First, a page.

Good and bad things that will surprise you about moving abroad

Moving to a new country is something that more and more people are doing as time goes on. With travel getting easier, education more accessible at all stages of life, and international connections simpler to make, it’s no surprise that many of us are deciding that we’d like to give somewhere new a go at least for a while. 

The history of migration is littered both with people who have done it and found it to be the best decision they ever made, and others who look back on it with regret. In truth, you don’t know how you’re going to handle it until you give it a try, but if you can bear the following information in mind, you’ll be in for fewer rude awakenings and have a better chance of making it positive.

You will miss the strangest things

Of course, when you move abroad you will miss any family and friends you’ve said goodbye to. You’ll expect that, and you’ll make arrangements to ensure that it’s not as bad as you had thought. What will surprise you, though, is the way that you will miss little things. You’ll get a craving for pizza, but specifically the kind of pizza you could only get from a certain pizzeria in your town – and even if you’ve moved to Naples from Nantucket, that craving will be insatiable. This, for some reason, will really get you down.

People will find you fascinating

And it will be weird and a little unsettling to begin with. When you migrate to a new place, and people start to notice you around, there will be a bunch of things about you that fascinate them. The way you speak, the ease with which you speak their language, any stories you have about your home town… it’s genuinely like being a minor celebrity, even down to the fact that people will buy you meals and drinks just for being there.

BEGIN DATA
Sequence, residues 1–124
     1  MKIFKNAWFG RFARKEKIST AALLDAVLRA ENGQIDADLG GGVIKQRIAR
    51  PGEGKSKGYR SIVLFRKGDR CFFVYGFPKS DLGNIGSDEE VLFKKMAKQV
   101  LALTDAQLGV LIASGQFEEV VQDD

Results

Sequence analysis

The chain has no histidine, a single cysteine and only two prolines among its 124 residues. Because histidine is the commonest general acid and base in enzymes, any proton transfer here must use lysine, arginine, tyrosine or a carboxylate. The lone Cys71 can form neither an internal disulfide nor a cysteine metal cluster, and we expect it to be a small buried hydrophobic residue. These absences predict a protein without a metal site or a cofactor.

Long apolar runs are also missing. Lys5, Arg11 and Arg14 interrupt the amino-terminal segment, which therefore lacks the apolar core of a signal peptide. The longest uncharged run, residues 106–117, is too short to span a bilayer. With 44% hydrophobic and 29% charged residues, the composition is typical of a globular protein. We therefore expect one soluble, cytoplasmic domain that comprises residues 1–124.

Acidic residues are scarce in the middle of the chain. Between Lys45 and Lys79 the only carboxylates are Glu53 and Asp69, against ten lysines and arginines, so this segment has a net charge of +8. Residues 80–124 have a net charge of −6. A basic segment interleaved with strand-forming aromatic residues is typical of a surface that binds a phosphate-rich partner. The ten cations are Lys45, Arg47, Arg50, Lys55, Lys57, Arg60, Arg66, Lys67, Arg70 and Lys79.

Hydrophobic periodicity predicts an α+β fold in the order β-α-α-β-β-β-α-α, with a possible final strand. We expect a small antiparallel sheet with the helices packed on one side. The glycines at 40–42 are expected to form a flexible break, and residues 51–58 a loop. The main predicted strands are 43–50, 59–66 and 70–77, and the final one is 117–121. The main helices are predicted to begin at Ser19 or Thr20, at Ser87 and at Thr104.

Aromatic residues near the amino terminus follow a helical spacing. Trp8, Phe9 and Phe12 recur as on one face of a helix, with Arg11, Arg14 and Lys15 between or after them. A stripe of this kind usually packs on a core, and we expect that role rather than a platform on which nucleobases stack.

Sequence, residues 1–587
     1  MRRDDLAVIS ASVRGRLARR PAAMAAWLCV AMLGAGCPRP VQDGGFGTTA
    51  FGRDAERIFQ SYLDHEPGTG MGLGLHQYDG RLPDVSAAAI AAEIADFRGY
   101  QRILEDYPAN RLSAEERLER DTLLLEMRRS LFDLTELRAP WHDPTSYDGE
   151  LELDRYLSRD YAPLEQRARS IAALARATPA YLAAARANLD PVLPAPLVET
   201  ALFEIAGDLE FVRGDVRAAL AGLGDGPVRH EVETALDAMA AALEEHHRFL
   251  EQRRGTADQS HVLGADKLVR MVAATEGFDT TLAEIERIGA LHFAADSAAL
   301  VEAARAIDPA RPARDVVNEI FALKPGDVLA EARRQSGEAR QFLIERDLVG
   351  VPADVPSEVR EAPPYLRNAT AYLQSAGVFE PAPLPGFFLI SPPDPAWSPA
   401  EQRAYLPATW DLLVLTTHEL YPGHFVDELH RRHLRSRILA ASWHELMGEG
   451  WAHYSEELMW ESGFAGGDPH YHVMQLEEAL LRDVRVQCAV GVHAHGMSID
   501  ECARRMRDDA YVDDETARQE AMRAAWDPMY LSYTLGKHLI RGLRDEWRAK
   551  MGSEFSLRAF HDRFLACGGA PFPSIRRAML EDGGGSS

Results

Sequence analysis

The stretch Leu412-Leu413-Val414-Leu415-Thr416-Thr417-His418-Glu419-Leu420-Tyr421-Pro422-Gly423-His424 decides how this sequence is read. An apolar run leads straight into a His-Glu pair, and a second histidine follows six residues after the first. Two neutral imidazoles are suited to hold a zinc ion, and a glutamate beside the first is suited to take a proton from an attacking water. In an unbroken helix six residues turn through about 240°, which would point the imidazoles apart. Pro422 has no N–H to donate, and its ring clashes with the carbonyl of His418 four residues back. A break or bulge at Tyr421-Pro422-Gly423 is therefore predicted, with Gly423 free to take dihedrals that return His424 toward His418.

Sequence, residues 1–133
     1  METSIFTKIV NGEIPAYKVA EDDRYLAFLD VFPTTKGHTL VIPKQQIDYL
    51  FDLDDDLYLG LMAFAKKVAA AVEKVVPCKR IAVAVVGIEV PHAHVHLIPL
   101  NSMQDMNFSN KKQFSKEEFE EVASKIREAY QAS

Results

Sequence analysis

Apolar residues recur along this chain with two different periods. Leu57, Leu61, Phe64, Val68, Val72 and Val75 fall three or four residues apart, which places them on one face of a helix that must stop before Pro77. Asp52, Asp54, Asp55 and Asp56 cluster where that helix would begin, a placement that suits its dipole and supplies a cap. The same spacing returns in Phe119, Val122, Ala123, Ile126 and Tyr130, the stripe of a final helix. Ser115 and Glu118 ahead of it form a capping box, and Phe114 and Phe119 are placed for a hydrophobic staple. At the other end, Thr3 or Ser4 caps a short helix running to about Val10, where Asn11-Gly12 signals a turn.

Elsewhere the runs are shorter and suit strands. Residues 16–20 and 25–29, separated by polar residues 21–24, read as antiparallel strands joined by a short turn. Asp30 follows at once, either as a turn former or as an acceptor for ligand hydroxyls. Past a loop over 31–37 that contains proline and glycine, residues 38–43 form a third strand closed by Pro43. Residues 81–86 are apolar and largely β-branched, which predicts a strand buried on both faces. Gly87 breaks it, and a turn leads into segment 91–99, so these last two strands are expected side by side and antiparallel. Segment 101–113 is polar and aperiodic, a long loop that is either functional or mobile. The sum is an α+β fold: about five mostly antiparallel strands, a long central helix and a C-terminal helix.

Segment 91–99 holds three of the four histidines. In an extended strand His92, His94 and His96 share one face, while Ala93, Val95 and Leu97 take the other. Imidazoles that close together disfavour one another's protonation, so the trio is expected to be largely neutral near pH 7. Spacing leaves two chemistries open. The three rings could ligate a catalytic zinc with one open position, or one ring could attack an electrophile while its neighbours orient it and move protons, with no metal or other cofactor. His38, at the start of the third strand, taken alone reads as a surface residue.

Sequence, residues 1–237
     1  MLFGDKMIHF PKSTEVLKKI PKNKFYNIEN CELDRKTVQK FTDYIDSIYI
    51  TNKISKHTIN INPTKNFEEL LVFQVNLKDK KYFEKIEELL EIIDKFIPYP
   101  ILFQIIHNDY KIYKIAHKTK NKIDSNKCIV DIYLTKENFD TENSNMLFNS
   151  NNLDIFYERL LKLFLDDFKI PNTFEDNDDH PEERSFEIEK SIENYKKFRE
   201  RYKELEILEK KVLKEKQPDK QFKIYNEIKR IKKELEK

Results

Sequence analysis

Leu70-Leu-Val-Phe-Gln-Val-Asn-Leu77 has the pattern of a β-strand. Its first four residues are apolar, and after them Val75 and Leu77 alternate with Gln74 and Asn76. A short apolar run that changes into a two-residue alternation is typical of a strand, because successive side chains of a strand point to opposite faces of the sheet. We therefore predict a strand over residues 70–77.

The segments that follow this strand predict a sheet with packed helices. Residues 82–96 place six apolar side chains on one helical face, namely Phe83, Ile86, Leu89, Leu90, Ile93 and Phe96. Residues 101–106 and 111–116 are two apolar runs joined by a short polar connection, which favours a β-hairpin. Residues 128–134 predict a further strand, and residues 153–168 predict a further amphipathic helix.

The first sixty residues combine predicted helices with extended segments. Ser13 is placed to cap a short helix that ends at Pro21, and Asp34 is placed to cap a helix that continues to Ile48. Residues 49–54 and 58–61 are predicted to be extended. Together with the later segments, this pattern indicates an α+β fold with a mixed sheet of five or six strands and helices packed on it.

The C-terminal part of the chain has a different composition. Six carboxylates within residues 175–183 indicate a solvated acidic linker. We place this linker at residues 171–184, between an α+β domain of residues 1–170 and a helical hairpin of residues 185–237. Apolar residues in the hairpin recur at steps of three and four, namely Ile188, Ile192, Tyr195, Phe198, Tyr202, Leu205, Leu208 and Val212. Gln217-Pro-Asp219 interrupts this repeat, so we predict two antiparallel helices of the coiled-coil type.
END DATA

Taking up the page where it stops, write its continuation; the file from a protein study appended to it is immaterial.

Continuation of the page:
Homesickness can come with a delay

You can expect to cry more than a few times in your first week in a new place, because it’s a little like taking a parachute jump: for just a moment, you’ll wonder why you left the safe place behind and how you’re going to survive. Then you’ll look at this resource for information, grow into your new surroundings and have the best time ever; and this will happen within days or weeks, it’s that sudden. But you’ll still have occasional pangs of homesickness and wonder if this move was worth it. It was, but we are human, and we question our decisions long after we’ve made them.

You’ll pick up the language faster than you thought

We’ll assume for the sake of this article that you’ve done some work to learn the language before the move. If you didn’t think you’d bother doing that, rethink now: it makes all the difference. But the key thing here is that as long as you have put in the effort to learn some key phrases and basic conversational French, Spanish or Vietnamese, once you’re on the ground over there it becomes much easier to learn. You’ll see and hear it everywhere in a way you can’t replicate in your current country, and that habituation is key to going from basic to intermediate, and from advanced to fluent.